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Theology of the HammerTheology of the Hammer

Theology of the Hammer

Daniel Prousssalidis, Cardus director of communications, visits a Habitat For Humanity site this week and discovers that  people of various faiths working on a building sound like religious belief in action. 

Daniel Proussalidis
3 minute read

The sound of religious worship is as varied as the number of faith traditions around the world. A mournful chant, an ancient hymn, a barely audible mantra, and even the wail of an electric guitar will pierce the air in various houses of worship. But on a sunny Wednesday morning, the typical sounds of worship gave way to the whine of circular saws, rumbling forklifts, and hammers hitting nails. The audio landscape changed as more than two dozen leaders of faith communities and faith-based organizations responded to the call from Faith in Canada 150 to spend the day volunteering at a Habitat for Humanity Greater Toronto Area (GTA) construction site.

“We believe that faith is what’s happening today – that faith is lived through action,” Ene Underwood, CEO of Habitat for Humanity GTA, told the multi-faith assembly at the faith leaders’ build.

Her words came over lunch – halal, kosher, and vegetarian – while distinct faith communities mixed and mingled as they broke bread, taking a break from their construction.

“Just remember, Jesus was a carpenter,” Rabbi Baruch Frydman-Kohl remarked with a smile at one point in the morning as he picked up tools with Christians, Muslims, and representatives of other faiths. It wasn’t long before he, Bishop Vincent Nguyen, and Imam Hamid Slimi were grabbing a plank of plywood together and nailing it down as part of a second storey floor. Differing backgrounds and beliefs did not get in the way of a common act of worship and a common expression of faith by contributing to the construction of 50 homes for low-income families.

The significance of the day’s work wasn’t lost on Ray Pennings, co-founder and executive vice president of Cardus, the think tank behind Faith in Canada 150.

“The secular narrative, by and large, is that faith is what happens in churches, mosques, synagogues, or what happens in people’s private homes,” said Pennings. “The narrative that we want to counter with is … a lived faith has implications for society and for the public good. We want to give tangible expression to that. Faith communities don’t just serve their own members and those who walk in the doors. Faith actually produces a public good.”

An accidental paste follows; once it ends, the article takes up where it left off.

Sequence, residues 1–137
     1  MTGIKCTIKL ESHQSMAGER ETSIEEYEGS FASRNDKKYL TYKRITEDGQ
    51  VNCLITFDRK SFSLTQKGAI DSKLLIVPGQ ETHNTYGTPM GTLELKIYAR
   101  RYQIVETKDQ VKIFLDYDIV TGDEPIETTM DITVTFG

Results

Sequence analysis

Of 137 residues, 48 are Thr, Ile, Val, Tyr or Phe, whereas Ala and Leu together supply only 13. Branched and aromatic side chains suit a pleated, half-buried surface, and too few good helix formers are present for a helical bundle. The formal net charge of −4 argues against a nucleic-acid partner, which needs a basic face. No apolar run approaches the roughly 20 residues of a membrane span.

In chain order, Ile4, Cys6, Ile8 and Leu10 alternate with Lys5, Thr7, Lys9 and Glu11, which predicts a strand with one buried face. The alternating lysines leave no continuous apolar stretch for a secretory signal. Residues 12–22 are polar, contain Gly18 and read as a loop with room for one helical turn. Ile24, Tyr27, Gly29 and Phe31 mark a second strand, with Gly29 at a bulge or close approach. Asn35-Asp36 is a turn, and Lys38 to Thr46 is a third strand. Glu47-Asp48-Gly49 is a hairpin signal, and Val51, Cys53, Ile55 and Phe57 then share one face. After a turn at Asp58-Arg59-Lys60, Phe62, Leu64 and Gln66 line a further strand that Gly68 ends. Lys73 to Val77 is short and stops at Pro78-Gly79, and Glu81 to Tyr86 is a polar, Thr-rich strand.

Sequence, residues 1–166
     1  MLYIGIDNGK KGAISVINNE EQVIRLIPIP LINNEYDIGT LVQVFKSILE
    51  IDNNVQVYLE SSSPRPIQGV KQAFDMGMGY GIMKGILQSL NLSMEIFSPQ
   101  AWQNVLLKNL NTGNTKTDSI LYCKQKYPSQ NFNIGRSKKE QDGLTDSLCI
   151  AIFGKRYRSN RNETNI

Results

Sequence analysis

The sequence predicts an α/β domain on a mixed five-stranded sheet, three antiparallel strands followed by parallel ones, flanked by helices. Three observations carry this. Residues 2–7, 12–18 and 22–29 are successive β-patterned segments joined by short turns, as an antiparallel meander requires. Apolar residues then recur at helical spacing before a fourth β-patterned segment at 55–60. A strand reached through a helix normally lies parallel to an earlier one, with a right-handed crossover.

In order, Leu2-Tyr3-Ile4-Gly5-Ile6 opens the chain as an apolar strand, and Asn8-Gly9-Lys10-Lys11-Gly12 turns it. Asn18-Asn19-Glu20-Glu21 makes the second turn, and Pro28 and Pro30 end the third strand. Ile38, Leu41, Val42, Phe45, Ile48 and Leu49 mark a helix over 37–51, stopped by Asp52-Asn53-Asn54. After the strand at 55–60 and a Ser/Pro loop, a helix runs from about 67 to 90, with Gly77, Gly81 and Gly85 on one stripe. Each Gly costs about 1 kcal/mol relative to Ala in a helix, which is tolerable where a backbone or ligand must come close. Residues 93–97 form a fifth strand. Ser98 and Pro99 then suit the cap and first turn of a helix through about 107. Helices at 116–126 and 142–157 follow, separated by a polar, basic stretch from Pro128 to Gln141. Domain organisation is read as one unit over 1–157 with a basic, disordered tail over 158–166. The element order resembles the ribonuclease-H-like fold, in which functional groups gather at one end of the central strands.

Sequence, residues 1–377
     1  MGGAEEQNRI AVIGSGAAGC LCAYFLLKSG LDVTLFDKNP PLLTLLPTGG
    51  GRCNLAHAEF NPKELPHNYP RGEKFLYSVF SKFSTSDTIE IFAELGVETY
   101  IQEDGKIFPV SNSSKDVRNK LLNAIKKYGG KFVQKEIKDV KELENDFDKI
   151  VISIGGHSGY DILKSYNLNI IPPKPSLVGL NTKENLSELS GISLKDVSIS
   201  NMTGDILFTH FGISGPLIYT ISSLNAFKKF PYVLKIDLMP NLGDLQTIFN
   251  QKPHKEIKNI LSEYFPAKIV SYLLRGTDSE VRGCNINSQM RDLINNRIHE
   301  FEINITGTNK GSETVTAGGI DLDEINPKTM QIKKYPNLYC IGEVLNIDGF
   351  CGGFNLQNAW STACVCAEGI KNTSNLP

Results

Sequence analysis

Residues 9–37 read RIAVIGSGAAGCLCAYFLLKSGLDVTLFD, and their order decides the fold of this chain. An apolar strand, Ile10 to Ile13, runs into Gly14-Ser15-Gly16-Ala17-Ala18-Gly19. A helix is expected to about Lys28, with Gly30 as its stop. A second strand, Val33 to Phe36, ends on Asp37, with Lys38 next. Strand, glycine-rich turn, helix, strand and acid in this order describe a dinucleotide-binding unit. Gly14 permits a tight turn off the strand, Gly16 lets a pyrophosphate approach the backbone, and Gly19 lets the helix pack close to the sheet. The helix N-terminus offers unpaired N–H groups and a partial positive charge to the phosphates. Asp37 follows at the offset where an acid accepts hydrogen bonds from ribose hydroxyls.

In this case, the public good would be safe, decent, affordable homes at 140 Pinery Trail. But the actions of faith leaders also made real what in Habitat for Humanity parlance is known as the “theology of the hammer.”

“Our political, philosophical, and theological differences exist, but we can find common ground using the hammer as an instrument of … God’s love and our common love and compassion for each other,” said Underwood, quoting Habitat founder Millard Fuller.

Indeed, the differences among the assembled faith leaders do exist, including deep disagreement on the nature of God, the identity of Jesus, sin, salvation, and myriad other issues. Noting that the day’s effort was not about “eradicating the differences between us,” Pennings pointed out some of the common ground among faiths, such as an appreciation for the sacred, not just the secular. But he also noted a common thread among faiths of appreciation for “arriving home.”

“Almost every faith tradition has a sense of purpose, of destiny – a place of arrival,” Pennings said. “In a very tangible way, the homes that are being built are places of arrival. Also, in a temporal way, for 50 families in our community who are facing challenges, this is going to provide an opportunity for them to come home with a different sense of meaning than they’re able to today.”

And just how do so many faith leaders get together to work on a common project for a day?

It wasn’t a spontaneous burst of cooperation. In fact, the day’s effort grew organically out of the Faith in Canada 150 project, which created a national network of faith leaders and faith-based organizations called the Faith Alliance. 

“The seed sort of got sown, if you will, at one of those Faith Alliance meetings,” said Pennings.

It was at one of those meetings earlier in the year when several faith leaders broached the idea of cooperating at a Habitat build. And it wasn’t long before an event was organized and leaders were being recruited to take part.

“We brought more than 300 faith communities together as part of the Faith Alliance,” said Pennings. “So, we have used that network to raise awareness and support for this project.”

Faith leaders packed up their tools and gave back their hard hats at the end of the day. But they didn’t just help build homes. They gave resonance to a simple truth: This is Canada. Faith matters.

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